Friday, June 5, 2015

26. Growing Up in Gettysburg on Baltimore Street

When we were growing up in Gettysburg in the Forties, Nancy lived on Baltimore Street, one of the most important locations during the three-day battle that occurred in that famous village in 1863.

Baltimore street and the adjacent Washington Street were the two north/south roads the Union Army used as the battle began, and on which it retreated in the afternoon and evening of the first day. It was also the route that President Lincoln travelled to deliver his famous speech at the new National Cemetery on November 19.

When Nancy walked the .3 of a mile from the town square to her two story home at the base of the Baltimore Street Hill, she passed numerous sites associated with the battle.  

For example, the Presbyterian Church on the corner of Baltimore and East High Street was one of many churches in Gettysburg that served as hospitals during and after the battle. It is also the church President Lincoln attended on the afternoon of his visit to Gettysburg. On February 1, 1963, President and Mrs. Dwight David Eisenhower became members of that church.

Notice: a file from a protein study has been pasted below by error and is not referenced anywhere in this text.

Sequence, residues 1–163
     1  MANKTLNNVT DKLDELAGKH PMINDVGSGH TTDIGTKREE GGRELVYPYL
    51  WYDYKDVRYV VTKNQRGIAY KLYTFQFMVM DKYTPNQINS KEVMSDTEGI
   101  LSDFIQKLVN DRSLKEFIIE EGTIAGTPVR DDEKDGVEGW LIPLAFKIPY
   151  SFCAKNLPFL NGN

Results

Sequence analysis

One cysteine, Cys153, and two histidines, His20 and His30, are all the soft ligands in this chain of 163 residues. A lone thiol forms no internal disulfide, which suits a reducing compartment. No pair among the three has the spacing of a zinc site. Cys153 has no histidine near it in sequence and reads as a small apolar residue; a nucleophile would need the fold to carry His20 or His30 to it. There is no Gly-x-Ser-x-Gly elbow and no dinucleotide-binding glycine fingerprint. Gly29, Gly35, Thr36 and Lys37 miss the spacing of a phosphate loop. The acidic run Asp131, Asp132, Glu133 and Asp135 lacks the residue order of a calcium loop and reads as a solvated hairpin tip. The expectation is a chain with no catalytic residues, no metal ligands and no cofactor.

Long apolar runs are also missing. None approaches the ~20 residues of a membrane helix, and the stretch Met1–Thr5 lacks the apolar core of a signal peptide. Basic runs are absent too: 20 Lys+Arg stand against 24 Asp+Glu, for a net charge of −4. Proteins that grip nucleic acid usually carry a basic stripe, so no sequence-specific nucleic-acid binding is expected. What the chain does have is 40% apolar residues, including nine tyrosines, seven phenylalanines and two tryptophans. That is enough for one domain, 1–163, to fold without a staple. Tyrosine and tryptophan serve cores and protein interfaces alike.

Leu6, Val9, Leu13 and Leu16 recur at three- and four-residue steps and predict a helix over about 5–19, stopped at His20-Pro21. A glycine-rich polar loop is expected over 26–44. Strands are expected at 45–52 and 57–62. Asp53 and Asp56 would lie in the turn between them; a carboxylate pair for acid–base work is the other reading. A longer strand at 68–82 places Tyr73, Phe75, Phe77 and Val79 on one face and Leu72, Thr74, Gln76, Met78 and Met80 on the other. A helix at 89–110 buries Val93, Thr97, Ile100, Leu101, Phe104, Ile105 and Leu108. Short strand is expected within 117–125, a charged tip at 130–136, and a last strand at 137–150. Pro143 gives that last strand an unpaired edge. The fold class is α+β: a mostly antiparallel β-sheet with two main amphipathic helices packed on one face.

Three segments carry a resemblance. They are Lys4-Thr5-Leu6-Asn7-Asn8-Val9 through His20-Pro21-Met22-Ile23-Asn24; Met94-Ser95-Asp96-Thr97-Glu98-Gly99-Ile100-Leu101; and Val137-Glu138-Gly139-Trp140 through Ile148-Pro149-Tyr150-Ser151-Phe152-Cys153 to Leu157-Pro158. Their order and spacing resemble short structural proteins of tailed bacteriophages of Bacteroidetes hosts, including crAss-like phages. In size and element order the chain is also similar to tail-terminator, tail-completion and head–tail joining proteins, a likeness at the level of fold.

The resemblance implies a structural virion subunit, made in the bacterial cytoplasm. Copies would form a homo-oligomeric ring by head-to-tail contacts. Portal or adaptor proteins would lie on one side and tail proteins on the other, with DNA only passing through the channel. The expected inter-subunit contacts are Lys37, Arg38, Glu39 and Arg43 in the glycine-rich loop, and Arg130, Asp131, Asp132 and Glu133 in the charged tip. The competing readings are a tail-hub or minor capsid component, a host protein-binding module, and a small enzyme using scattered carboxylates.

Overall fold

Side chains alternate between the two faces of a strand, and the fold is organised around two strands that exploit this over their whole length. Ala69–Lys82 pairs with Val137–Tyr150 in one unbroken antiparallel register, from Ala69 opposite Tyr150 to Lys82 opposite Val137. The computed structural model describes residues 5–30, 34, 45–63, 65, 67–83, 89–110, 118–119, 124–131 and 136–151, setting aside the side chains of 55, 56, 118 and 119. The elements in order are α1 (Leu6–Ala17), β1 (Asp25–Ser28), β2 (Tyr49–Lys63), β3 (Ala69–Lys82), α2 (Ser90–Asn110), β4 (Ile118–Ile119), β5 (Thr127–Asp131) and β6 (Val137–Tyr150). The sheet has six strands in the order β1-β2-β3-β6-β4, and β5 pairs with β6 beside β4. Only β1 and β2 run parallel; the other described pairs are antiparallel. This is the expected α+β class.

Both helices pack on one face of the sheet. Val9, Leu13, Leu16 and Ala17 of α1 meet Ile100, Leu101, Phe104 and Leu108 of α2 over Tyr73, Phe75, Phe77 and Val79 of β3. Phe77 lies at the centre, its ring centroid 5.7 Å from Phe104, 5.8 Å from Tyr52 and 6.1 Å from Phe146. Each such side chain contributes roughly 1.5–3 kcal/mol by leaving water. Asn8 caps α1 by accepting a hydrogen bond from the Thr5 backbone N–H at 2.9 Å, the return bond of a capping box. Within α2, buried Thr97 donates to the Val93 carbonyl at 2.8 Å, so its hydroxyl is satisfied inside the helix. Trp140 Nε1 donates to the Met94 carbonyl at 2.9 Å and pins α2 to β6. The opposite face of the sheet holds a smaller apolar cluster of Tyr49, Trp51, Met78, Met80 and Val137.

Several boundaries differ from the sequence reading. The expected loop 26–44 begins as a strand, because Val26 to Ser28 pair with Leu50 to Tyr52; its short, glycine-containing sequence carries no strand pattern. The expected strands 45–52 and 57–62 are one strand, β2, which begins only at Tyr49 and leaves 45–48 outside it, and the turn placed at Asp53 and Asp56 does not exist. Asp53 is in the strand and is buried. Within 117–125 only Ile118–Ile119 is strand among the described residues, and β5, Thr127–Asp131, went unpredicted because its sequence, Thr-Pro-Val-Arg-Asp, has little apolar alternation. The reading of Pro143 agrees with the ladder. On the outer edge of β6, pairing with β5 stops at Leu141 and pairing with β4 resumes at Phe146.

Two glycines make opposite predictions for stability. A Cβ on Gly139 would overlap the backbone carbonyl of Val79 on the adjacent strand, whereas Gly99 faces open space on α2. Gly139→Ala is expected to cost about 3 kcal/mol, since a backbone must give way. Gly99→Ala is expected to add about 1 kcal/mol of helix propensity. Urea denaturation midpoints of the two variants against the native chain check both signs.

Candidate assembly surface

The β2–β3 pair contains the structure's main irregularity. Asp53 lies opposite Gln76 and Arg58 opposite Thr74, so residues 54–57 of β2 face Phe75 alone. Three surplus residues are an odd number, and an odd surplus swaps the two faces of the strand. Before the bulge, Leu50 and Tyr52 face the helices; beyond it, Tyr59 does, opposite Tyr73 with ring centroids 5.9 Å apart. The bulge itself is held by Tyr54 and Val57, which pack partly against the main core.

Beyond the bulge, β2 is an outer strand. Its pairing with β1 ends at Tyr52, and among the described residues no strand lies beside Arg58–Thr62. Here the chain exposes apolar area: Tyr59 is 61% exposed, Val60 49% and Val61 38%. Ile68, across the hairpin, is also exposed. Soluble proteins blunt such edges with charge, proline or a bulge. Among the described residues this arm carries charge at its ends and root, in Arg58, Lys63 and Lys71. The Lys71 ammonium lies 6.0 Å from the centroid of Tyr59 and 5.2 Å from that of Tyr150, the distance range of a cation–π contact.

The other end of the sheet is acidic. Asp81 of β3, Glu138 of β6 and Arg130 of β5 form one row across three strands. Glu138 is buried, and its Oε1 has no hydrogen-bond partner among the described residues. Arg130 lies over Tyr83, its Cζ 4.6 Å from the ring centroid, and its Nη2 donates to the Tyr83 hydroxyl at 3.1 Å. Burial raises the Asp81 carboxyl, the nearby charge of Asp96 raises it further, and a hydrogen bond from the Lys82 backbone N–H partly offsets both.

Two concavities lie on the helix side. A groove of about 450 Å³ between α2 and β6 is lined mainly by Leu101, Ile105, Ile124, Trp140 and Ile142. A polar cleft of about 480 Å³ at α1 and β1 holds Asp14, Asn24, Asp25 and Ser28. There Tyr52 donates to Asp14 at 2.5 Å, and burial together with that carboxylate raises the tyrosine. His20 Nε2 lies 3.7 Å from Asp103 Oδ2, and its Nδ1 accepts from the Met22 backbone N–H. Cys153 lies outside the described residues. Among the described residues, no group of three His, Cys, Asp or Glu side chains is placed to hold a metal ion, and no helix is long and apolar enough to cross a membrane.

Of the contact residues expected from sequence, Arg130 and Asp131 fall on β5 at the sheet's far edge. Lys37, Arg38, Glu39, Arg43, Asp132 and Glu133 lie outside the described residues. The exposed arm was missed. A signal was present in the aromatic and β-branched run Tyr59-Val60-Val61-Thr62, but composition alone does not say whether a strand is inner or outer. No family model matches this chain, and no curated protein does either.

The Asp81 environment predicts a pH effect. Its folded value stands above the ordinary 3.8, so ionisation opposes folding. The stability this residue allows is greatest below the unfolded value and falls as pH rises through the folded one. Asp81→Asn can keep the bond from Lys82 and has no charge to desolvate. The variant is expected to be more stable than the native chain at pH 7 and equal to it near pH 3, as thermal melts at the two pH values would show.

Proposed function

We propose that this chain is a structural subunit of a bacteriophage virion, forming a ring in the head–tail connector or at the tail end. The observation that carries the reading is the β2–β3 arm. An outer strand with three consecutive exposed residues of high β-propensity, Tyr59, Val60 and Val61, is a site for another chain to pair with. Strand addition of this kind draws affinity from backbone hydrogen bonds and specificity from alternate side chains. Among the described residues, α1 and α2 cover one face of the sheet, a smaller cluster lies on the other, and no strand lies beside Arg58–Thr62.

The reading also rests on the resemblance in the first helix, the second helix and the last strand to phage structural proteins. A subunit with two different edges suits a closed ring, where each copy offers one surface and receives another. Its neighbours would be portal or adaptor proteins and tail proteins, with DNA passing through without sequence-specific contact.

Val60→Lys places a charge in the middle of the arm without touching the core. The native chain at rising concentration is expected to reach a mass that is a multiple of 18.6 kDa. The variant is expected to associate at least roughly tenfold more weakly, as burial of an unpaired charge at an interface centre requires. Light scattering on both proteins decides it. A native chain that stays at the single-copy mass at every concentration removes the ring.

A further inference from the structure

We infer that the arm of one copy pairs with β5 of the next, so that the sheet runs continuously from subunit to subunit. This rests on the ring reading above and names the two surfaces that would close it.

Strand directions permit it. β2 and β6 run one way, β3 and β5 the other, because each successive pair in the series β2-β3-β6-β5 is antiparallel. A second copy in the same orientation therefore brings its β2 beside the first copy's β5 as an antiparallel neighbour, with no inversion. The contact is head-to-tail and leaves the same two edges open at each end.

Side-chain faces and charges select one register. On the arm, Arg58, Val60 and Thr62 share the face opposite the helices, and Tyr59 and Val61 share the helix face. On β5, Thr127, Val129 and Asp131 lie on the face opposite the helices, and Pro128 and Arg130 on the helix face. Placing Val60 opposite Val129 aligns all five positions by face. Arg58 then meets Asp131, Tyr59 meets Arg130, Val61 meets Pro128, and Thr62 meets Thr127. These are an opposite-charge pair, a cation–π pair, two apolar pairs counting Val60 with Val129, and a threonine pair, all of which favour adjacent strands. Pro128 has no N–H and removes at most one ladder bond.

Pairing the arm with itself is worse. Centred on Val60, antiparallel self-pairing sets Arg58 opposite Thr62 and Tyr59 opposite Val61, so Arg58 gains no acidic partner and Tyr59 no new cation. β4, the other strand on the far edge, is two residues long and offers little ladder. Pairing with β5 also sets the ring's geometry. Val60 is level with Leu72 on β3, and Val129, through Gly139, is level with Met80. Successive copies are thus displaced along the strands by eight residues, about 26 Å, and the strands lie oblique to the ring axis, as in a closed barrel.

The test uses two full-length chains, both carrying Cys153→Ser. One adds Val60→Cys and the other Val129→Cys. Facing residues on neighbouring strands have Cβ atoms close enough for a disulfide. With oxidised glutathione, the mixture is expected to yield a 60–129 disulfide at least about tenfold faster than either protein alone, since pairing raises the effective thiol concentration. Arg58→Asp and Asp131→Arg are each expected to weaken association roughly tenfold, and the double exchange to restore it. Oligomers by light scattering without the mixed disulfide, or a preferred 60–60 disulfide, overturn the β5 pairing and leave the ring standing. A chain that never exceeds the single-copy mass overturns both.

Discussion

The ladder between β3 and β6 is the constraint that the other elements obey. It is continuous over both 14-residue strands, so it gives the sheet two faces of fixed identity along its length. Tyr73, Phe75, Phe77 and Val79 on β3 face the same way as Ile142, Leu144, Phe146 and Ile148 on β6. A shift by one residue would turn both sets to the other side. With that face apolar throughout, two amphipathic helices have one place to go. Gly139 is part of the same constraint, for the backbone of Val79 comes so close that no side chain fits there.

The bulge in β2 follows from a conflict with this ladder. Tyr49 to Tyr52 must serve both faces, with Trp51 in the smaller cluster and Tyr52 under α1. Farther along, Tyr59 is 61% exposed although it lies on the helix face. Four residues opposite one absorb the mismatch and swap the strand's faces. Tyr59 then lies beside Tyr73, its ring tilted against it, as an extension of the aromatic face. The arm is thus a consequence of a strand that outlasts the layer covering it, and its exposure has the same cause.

As the Union army retreated along Baltimore Street many soldiers hid from the Rebels in houses, basements, attics and sheds of the residents along the way. 

One home across from Nancy’s house, was owned by cabinet maker Henry Garlach, and it was here that Union General Alexander Schimmelfennig hid behind a woodpile. When Nancy was growing up, she remembers that a Garlach family still owned the home.

Another historic building across the street from Nancy’s home is the Farnsworth House, which is a restaurant and Inn today and known as one of the most haunted houses in America.  The Farnsworth House and many of the two-story houses along the street were used by Confederate sharpshooters during the three-day battle.

Living and walking on Baltimore Street in Gettysburg was and still is a history lesson about the most significant battle of the Civil War.

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